3. Postcards- I use postcards a lot for many different things. I use them to write notes to clients, to include in our subscription book boxes, to say thank you, and for appreciation notes to anyone who orders off our site.
  4. Banners/signage- These are essential for shows and events that you’re attending. Include your logo, brand colours, slogan, and website/email/social media info. Be sure that everything is large enough to read from a distance.
  5. Letterhead- This should include your company name, email address, website, address, and logo as well as company colours, and phone number.
  6. Email signature- Some days, I’ll send up to 50 emails per day, depending on the circumstance. An email signature is a great way to let prospective clients know what you do, who you are, and how to reach you and your social media handles. Also, if you have a writing business, your email signature is a great way to let everyone know what your hours are or when you’re out of the office/away from your desk.
  7. Social media-Amazon author page, Facebook, Youtube, Twitter, Instagram- You should have all of these things and more. People need to know where to find you, and you need to be consistent with your posts. Use a social media scheduler like Hootsuite to pre-schedule your posts so you’re not tied to your phone when you could be doing something more valuable with your time. Your social media should all be linked to each other and be informative, educational, and entertaining while adhering to your brand message and aesthetic.
  8. Blog-How your blog looks and what it does are synonymous with your brand awareness and what you do/offer. Your books should be for sale online as well as your services, an about section about you and your company, and your logo, colours, and common theme should run throughout. If you’re a romance writer, for example, you could have topics on your blog that include things such as the elements of writing romance, specific genre information, how to write characters etc.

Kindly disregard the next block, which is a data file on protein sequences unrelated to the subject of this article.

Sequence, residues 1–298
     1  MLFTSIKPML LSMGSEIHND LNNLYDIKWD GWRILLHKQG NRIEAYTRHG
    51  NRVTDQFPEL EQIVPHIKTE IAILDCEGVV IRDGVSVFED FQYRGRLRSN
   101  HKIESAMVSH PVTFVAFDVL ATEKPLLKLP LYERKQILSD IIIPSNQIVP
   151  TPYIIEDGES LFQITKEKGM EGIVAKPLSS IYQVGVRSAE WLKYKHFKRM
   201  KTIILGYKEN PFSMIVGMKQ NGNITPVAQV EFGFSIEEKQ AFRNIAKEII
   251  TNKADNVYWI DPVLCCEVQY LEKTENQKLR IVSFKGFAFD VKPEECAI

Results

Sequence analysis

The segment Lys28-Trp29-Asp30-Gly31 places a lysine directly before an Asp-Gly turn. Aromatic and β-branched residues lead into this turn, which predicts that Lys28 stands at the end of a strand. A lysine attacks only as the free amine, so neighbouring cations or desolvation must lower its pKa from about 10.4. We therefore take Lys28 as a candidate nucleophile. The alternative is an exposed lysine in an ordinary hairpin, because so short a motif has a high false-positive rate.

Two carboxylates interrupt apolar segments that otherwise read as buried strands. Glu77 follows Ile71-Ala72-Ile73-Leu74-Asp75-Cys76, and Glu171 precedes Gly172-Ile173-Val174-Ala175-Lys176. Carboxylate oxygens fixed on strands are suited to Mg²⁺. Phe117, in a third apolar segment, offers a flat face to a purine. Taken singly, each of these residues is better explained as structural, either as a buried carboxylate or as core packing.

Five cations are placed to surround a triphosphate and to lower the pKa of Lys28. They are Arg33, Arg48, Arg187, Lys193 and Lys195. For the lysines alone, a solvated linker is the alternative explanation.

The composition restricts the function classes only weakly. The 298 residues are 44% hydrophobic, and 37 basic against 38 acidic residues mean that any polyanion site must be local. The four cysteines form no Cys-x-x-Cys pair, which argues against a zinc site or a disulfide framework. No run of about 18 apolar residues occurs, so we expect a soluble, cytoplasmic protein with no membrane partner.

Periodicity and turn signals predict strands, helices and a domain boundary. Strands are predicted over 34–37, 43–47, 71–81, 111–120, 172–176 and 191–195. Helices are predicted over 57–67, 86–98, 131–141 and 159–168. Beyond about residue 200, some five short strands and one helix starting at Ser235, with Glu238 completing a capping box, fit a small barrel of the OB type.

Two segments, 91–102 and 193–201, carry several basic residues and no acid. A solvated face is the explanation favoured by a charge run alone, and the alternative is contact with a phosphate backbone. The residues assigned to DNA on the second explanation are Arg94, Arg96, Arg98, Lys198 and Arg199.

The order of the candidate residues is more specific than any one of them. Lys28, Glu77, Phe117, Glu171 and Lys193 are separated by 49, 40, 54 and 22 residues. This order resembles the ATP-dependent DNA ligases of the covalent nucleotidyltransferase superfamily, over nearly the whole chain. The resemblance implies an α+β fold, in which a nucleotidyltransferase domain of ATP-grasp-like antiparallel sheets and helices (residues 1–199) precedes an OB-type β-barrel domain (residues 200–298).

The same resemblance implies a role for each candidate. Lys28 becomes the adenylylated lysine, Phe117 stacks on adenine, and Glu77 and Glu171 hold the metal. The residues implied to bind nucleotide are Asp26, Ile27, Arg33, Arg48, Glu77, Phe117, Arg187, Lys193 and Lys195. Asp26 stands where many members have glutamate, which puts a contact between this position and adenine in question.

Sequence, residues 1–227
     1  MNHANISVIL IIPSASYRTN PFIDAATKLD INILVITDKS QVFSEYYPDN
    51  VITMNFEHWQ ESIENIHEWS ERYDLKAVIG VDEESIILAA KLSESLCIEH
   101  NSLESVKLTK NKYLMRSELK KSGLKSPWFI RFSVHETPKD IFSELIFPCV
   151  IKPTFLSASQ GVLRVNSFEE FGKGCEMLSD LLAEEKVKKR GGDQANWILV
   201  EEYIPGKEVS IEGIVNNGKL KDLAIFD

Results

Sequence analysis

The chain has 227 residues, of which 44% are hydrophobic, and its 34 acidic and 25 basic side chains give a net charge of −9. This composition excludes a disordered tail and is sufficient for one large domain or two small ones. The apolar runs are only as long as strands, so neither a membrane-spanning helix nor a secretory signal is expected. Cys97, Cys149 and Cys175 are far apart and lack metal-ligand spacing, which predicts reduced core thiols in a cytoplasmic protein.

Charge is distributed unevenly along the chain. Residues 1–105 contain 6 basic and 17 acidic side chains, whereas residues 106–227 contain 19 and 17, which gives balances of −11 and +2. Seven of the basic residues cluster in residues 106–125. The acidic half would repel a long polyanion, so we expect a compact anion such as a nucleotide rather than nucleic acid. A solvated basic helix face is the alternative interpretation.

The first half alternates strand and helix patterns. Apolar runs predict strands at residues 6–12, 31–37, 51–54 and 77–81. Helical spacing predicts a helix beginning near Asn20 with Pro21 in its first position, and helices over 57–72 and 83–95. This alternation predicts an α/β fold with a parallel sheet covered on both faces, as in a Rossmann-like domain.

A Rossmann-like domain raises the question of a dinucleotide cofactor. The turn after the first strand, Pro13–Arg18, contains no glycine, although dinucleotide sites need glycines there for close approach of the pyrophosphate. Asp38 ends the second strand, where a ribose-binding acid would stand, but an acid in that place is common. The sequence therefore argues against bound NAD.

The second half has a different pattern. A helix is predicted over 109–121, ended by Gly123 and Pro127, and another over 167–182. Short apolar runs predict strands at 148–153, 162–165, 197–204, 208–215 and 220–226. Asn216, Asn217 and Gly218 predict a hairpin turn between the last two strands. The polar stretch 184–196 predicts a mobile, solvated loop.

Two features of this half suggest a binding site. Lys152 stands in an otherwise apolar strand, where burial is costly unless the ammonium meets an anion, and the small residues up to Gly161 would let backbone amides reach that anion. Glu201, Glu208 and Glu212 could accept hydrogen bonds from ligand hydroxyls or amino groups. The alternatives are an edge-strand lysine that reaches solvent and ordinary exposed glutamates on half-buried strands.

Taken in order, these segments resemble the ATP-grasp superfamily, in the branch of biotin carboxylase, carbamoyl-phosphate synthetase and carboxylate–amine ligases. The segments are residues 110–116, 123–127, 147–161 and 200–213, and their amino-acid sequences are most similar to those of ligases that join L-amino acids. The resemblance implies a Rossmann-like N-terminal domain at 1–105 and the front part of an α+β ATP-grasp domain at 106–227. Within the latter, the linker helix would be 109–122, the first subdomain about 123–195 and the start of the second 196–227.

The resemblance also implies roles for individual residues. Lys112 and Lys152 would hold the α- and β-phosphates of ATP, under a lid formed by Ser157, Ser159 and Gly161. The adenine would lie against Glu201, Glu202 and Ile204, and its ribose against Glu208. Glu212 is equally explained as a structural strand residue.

9. Logo and colours-Our brand colours are black, white, and purple; this follows through to our cards, brochures, postcards, signage, letterhead, and blog. Our logo is a black box with a white letter P in the middle.

Every time you create content or interact with people, you are representing your brand. Do it well.

Have your coffee the same way that we do!
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Run Your Way to Inspiration

September 10, 2020-As long as it’s not raining, you can usually find me running outside in the early morning in my neighbourhood. I love saying hello to familiar faces and smiling back at the people who give me cheery grins and waves. There are people walking and biking, some are on rollerblades, and most have dogs; it’s usually the same crowd day in and day out with a few exceptions.

I like to make up stories about the people and things that I see while I run; Where are they going after this? What if their dog could talk? Does their dog talk to the other dogs it meets? Where does that staircase lead? What is that skunk doing, and what is he digging for? What if we were all running from Zombies? Would I survive? And the list goes on.

Sometimes the ideas are silly, and sometimes the ideas are stuff that I can work with. The point is that I’m observing the things around me and being inspired by them.

Inspiration comes in all forms; let’s explore:

  1. Setting-Sunsets, trees, trails, staircases, houses, waterfronts are all examples of settings you’ll see on your run that could make it into your story.
  2. Animals-Skunks, foxes, birds, squirrels, coyotes, and rabbits are all animals that I’ve seen on the running trail that would make great characters for stories!
  3. People-runners, rollerbladers, walkers, older adults, middle-aged people, workout buffs, personal trainers, kids, and teenagers are great examples of people to write about.